Ischemic/hypoxic myocardial damage and functional impairment of the myocardium occurs immediately after major burns. This experimental study investigated whether the prompt cardiac dysfunction initiates hepatic, renal, and intestinal injuries soon after a severe burn.
Wistar rats were randomized to a sham burn group, a burn group (subjected to 30% total body surface area third-degree burn) that was subdivided into two groups: a simple burn group, observed at 0.5 hour, 1 hour, 3 hours, 6 hours, 12 hours, 24 hours postburn and a group medicated with propranolol (a cardiac inhibitor), cedilanid (a cardiotonic agent), enalaprilat (an angiotensin converting enzyme inhibitor), and cedilanid plus enalaprilat injected at 0.5 hour postburn and observed at 6 hours later. Serum cardiac troponin I, total bile acid, beta2-microglobulin concentrations, and diamine oxidase activity were measured to reflect the severity of cardiac, hepatic, renal, and intestinal injuries that were confirmed by histopathologic observations. Cardiac function and organs' blood flow were also recorded.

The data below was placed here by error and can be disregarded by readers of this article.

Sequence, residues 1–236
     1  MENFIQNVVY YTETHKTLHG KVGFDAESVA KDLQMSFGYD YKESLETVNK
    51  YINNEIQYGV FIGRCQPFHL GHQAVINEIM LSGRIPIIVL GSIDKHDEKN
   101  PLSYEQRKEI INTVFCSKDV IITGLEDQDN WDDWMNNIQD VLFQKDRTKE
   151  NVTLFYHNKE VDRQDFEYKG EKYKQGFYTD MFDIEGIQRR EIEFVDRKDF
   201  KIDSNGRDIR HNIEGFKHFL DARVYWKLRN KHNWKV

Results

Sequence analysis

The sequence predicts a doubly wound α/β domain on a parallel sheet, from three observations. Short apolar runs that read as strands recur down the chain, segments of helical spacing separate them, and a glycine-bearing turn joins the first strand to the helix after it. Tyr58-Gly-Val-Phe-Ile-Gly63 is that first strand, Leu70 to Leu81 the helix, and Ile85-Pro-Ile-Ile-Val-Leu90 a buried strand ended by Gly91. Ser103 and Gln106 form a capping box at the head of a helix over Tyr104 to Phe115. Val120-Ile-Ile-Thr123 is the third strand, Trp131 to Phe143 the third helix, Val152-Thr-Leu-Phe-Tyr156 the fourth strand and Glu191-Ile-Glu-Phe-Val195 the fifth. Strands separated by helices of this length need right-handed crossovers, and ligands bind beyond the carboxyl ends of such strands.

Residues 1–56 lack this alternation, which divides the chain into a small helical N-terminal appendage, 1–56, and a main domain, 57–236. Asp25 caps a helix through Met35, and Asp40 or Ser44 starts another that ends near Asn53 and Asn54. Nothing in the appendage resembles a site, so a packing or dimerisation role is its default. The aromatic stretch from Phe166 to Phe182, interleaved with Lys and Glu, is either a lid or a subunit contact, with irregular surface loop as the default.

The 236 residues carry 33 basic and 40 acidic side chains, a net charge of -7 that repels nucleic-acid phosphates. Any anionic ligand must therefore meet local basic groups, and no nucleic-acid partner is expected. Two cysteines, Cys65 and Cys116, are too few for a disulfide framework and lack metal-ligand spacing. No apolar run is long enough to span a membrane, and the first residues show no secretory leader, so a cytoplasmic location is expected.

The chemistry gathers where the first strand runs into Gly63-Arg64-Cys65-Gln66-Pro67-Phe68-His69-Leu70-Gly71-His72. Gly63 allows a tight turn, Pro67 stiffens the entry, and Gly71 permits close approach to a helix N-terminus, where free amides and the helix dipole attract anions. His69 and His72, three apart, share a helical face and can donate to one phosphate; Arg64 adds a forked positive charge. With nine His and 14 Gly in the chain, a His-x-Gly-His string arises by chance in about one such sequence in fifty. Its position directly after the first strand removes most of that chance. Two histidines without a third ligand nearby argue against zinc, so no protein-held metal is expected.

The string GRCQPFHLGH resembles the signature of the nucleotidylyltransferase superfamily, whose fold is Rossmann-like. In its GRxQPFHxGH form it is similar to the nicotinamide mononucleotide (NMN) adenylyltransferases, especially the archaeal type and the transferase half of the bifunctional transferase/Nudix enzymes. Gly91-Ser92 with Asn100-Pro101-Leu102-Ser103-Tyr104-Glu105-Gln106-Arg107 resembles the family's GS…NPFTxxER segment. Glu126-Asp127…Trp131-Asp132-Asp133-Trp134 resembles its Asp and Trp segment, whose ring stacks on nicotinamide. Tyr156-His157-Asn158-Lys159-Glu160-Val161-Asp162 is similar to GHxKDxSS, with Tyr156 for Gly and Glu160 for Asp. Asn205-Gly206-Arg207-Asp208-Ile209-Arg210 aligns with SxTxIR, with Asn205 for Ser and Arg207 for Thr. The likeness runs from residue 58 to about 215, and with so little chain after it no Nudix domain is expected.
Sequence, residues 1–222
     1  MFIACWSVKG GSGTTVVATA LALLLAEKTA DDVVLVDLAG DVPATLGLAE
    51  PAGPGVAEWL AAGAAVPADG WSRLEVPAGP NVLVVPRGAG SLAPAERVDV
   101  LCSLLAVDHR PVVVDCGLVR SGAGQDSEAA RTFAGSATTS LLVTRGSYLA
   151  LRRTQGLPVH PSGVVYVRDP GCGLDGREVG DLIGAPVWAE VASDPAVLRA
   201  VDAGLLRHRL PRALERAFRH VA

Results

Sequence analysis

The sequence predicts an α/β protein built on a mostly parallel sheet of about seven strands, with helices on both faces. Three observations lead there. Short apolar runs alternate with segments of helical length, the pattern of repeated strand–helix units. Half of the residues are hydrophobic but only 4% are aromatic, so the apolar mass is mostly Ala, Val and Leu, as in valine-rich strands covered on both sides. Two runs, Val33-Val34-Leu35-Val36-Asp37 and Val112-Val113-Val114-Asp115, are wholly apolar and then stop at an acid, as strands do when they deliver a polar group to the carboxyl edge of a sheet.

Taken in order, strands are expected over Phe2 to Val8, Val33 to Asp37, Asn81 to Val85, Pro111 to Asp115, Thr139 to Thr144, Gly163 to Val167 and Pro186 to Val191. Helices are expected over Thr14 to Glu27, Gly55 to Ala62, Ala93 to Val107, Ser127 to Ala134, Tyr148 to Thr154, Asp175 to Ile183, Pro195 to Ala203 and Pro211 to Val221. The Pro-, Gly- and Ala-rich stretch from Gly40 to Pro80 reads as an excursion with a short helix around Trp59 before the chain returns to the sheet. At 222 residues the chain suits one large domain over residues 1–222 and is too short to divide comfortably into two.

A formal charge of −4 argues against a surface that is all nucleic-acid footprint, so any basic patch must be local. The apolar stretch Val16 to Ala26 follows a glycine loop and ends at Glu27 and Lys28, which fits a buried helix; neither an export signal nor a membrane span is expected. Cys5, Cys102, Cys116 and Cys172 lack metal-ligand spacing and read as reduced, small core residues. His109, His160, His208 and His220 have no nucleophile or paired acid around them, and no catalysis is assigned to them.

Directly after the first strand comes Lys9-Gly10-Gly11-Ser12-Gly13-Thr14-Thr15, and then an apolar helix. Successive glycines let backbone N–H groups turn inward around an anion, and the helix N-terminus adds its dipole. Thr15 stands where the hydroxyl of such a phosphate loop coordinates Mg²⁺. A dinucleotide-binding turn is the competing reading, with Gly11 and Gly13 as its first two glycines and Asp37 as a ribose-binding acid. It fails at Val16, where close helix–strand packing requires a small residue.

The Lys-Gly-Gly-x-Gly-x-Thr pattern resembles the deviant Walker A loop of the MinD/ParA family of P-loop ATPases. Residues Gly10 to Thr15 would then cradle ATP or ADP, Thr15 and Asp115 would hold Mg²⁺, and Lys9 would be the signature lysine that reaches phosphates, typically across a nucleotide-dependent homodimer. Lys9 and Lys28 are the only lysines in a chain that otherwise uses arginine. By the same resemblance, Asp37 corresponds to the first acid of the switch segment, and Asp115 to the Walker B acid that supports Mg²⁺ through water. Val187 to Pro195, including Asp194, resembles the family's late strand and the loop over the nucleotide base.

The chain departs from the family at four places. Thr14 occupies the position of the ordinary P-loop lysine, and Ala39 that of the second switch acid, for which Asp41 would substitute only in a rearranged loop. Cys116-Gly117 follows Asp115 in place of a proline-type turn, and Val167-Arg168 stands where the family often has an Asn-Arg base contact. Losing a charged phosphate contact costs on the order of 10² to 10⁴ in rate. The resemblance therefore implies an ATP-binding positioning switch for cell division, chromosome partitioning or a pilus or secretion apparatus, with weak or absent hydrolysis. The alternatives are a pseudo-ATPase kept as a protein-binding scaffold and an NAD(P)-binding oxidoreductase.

Histopathologic changes and serum cardiac troponin I increase occurred significantly earlier than the other organs, and the organ damage developments followed a similar pattern. Myocardial injury was significantly aggravated in rats treated with propranolol, with further decreases in myocardial function, blood flow to the liver, kidneys, and intestines significantly decreased, and injuries were aggravated. In contrast, these conditions were greatly improved in the rats treated with enalaprilat, cedilanid, or with both.
The prompt cardiac dysfunction has some initiating effects on ischemic/hypoxic injury to organs such as the liver, kidneys, and intestines soon after a severe burn.